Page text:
With this year’s telecast being rather dull and Neil Patrick Harris being unable to generate the level of laughter and warmth that Ellen Degeneres provided the year before, the majority of the ceremony’s “entertainment” was with the announcement of winners. In that regard, the acceptance speeches ranged from being overly rehearsed, which lets be honest, some winners were 5 for 5 with the precursor awards. They KNEW they were going to win. Other acceptance speeches hinged upon being obnoxious, self-serving, and sometimes almost having zero correlation with the award they held in their hand. This is typical in today’s Oscar-cast, yet this is also something that would have mortified classic Hollywood if they could see how lackluster and self-serving the ceremony has become. However, there were some components of the ceremony that did make up for these weaknesses, which mirrored a classic Hollywood sentimentality. That gem of the night was, of course, Lady Gaga’s beautiful performance in which she sang a medley of The Sound of Music songs in commemoration of the film’s 50th anniversary. This was an extraordinary moment of the night that represented an era of Hollywood that is all but gone now; a sense of beauty and awe that Hollywood lacks now. Furthermore, if there are still critics who doubt Lady Gaga’s singing ability, even after her phenomenal duet album with Tony Bennett (Cheek to Cheek), they will lose credibility if they still claim Gaga lacks talent after her Oscar night performance.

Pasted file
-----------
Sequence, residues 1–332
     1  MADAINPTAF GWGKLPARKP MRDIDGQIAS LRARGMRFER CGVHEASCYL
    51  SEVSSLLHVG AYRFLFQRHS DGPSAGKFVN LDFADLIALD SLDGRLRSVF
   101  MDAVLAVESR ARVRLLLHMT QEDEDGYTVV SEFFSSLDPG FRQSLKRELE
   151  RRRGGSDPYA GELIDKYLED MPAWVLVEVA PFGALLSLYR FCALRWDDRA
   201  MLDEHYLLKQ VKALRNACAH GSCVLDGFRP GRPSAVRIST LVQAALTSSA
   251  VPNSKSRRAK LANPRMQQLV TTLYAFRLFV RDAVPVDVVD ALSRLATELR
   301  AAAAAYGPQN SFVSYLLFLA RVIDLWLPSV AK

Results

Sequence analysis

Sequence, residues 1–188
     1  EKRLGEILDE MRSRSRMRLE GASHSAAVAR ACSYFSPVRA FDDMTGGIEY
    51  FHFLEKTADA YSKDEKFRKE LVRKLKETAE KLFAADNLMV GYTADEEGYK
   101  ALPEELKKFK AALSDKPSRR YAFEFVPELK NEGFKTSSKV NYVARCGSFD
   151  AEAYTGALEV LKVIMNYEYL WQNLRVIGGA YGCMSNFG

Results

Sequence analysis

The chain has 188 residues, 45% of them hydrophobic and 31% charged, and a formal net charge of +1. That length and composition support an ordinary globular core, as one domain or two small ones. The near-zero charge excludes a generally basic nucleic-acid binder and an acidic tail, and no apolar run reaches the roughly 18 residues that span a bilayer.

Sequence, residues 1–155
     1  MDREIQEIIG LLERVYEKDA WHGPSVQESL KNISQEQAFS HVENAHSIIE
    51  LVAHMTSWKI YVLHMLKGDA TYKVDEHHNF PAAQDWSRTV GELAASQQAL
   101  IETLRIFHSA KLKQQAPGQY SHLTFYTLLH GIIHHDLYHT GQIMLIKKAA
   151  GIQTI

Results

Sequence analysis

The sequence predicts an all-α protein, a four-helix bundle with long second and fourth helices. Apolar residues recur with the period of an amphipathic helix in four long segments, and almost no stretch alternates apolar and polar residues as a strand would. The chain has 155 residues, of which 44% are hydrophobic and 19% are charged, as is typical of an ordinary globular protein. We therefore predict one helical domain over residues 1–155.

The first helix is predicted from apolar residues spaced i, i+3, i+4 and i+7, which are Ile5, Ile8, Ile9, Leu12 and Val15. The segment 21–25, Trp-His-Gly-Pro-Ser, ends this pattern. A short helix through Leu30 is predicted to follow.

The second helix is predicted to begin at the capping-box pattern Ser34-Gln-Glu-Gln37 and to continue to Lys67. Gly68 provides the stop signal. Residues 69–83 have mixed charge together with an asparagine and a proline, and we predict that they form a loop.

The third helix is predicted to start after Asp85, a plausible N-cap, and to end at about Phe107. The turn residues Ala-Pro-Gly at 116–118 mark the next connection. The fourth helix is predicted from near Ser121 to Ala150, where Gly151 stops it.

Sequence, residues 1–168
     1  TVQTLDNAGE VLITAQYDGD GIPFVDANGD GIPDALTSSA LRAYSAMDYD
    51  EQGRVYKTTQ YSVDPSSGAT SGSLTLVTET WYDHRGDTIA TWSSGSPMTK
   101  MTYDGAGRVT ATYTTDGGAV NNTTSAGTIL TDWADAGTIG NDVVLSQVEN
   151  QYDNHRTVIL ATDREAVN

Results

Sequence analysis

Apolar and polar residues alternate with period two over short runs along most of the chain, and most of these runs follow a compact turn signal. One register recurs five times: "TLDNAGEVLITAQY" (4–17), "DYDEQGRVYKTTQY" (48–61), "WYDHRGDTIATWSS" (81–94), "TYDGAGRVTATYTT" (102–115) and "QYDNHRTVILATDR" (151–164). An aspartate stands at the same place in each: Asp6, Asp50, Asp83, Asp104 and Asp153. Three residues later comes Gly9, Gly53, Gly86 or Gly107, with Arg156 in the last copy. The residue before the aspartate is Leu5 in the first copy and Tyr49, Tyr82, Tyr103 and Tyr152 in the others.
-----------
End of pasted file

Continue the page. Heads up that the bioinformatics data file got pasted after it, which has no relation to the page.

When comparing the winners in each category with my own predictions, I finished the night with a 16-24 spread (66%) accuracy on my predictions. Yet, most of what I predicted inaccurately did fall within my “should win” category, technically still falling in line with what won in each respective category. This was the case with Sound Mixing and Editing, which I claimed Whiplash could pull an upset within. Incidentally, I also predicted Whiplash would win more than expected if Boyhood walked into the Oscars without the clout it once had. This was undoubtedly the case on this evening. Whiplash winning Best Editing over Boyhood essentially debunked the concept that the editors of Boyhood had the difficult task of editing 12 years of footage together to make the effective film it was. Most pundits and critics felt this category was supposed to go to Boyhood, largely because of their focus on the gimmick nature of the film, rather than the construction of its content. I had claimed frequently that the content of Boyhood was too disjointed to even be nominated for a Best Editing Oscar and its loss in that category on Oscar night proves that. Unfortunately, though, I predicted a Boyhood win since I suspected it would sweep at this year’s Oscars.